Leonard Cohen “Songs from a Room”

Columbia Records, 1969

I should make this clear right from the start–I am not a Leonard Cohen freak. It seems that the majority of his fans revere him as one of the greatest artists of all time. I am not quite there yet. In this regard, I thought having me write a review of a Leonard Cohen record would be an interesting perspective, since I am not biased to his obvious talents but am just now diving in to his enormous collection of work.

“Songs from a Room” is Cohen’s second album, and representative of his early folk-influenced material. It is far removed from the club rock of his 80’s hit “Everybody Knows”, and probably most of his other work, for that matter. Also, Cohen’s vocals on this album, for the most part, are sung in a much higher register than the extremely low baritone for which he is now known. In short, this album may not be the best place to start for someone who is just starting to listen to Leonard Cohen’s music.

With that said, it’s a fine record that boasts a few bona-fide classics. The oft-covered “Bird on the Wire” is one of Cohen’s most well-known and iconic tunes. It’s a lament on the futile aspects of freedom, one that Cohen wrote at the tail end of a depression. If I ever wrote a song like this, it would surely make me feel better.

However, with so many versions of “Bird” out there, it makes me wonder if Cohen’s is really the best one (more research pending). Bob Johnston’s production of the album isn’t necessarily bad, but some of the choices he made are at least questionable. Most distracting is the inclusion of a tongue harp on almost every song, probably added to accentuate the overall folk element. I can understand that, I guess–at the time of this recording, it probably made a lot of sense. Now, it just sounds dated and unnecessary. It’s kind of like that first Thirteenth Floor Elevators record, which has a jug player on every song–it just gets old after awhile.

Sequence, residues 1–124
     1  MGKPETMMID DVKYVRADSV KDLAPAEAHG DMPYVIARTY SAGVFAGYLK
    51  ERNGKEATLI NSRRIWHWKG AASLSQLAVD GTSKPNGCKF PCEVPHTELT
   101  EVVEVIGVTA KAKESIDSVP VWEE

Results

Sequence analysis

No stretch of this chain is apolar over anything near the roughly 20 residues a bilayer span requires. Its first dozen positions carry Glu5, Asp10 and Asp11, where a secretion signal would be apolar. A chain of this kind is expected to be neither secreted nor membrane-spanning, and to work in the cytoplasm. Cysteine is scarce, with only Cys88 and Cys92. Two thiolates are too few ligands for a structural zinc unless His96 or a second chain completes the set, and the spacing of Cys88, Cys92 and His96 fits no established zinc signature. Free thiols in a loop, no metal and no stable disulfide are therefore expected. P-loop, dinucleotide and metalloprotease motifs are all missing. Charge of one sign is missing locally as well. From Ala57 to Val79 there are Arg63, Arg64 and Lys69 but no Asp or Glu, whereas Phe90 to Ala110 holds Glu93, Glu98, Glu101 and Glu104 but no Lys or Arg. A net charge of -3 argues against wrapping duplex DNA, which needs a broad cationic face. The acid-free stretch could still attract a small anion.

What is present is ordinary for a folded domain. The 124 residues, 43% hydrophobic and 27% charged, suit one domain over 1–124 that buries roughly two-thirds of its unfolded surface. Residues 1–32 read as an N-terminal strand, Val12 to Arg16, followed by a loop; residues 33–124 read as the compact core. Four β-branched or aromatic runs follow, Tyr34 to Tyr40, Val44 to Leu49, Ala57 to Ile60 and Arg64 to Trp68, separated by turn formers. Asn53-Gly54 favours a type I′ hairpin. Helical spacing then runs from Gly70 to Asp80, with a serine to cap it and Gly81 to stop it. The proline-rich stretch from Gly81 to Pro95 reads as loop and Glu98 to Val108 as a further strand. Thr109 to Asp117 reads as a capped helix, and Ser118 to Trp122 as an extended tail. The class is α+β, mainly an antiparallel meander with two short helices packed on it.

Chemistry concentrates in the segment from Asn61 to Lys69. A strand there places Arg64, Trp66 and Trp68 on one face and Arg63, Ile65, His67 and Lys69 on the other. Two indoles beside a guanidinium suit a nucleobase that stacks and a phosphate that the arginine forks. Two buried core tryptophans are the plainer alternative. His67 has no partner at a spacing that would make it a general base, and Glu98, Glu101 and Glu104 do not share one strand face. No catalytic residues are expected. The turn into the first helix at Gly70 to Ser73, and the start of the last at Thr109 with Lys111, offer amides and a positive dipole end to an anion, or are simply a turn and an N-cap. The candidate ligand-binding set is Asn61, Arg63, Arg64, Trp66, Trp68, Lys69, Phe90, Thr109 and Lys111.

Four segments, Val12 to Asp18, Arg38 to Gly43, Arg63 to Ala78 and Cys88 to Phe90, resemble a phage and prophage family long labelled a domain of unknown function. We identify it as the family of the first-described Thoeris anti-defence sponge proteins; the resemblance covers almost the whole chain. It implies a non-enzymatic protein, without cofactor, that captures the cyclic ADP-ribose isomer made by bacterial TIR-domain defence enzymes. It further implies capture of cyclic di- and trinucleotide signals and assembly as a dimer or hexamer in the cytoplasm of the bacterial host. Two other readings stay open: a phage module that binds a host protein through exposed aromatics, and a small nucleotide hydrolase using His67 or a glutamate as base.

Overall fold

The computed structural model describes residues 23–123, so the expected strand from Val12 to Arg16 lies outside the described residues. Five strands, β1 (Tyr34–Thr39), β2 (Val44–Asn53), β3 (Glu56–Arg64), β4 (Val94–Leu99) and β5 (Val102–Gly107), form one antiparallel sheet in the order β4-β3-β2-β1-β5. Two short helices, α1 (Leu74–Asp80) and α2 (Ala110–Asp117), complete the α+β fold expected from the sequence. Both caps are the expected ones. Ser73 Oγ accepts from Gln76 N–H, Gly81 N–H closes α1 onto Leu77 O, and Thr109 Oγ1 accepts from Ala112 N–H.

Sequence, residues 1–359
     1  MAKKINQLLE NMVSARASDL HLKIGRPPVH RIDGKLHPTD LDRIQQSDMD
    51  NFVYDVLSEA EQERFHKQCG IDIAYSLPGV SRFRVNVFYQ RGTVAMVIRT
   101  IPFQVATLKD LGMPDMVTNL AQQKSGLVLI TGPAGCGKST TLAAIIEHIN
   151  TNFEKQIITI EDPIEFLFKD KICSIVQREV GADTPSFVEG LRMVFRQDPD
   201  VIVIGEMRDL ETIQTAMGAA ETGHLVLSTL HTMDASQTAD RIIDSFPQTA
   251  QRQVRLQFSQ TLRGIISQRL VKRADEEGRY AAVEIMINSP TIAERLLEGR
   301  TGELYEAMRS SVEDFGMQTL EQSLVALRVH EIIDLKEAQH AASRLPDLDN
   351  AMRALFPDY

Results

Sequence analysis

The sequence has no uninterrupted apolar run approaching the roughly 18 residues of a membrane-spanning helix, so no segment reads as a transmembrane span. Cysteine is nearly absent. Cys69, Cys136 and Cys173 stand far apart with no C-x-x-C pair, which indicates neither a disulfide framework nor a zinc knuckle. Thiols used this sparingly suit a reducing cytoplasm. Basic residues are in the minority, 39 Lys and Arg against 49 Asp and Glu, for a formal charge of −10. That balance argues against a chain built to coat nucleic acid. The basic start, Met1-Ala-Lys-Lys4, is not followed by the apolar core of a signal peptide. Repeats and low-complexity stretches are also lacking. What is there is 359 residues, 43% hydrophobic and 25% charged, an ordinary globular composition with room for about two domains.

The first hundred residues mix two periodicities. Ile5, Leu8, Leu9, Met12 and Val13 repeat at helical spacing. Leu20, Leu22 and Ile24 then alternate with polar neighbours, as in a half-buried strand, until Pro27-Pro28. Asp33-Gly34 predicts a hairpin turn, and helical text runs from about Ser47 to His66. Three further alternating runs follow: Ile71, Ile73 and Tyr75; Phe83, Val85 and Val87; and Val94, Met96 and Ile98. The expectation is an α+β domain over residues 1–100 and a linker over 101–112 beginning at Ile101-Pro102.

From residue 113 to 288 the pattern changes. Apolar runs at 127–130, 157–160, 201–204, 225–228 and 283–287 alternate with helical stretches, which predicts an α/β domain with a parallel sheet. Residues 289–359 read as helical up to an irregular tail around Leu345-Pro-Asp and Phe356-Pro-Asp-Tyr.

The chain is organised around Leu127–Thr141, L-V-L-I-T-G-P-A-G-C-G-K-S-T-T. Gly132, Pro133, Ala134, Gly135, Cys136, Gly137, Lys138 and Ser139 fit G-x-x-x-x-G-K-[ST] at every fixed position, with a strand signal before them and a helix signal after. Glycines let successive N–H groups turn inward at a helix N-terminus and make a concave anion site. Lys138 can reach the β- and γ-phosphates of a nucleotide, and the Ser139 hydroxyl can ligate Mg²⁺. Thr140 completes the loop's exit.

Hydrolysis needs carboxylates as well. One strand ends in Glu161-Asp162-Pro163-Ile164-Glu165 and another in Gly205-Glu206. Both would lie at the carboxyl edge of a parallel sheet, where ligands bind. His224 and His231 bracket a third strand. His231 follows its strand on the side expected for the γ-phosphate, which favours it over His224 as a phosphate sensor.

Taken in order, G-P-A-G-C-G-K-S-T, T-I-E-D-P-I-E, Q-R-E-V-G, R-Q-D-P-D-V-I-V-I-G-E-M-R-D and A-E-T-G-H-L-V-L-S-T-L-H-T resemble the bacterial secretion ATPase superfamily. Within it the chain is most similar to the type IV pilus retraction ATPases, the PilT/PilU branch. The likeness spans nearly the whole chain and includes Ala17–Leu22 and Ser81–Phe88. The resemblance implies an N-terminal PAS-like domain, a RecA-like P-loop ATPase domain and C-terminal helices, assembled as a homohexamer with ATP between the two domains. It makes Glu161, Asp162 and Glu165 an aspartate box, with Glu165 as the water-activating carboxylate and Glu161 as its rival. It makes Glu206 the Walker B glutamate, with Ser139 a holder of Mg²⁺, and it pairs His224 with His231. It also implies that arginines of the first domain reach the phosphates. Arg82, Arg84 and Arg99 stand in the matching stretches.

My favorite song on the record is “A Bunch of Lonesome Heroes”. It’s a snapshot of this group of people that have huge dreams and expectations of greatness, and in waiting for this greatness to come, they just end up lonely has-beens and never-wases. Now, THERE is a timeless premise. It’s the closest thing to a rock song on the whole album, with it’s huge lead guitar lines in the chorus and full-band setup. This may have had something to do with why I liked it the best–I am a sucker for that stuff, after all–but I mostly remembered it for the lyrics and how poignant I thought they were.

Hmmm… Maybe I am starting to like Leonard Cohen a little more, then. I’ll have to check out his later, sans-tongue-harp work.

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One Response to “Leonard Cohen “Songs from a Room””

  1. Bewlay Says:

    Try “I’m Your Man” or “The Future” though his voice sounds like Dracula with about a 2 note range.

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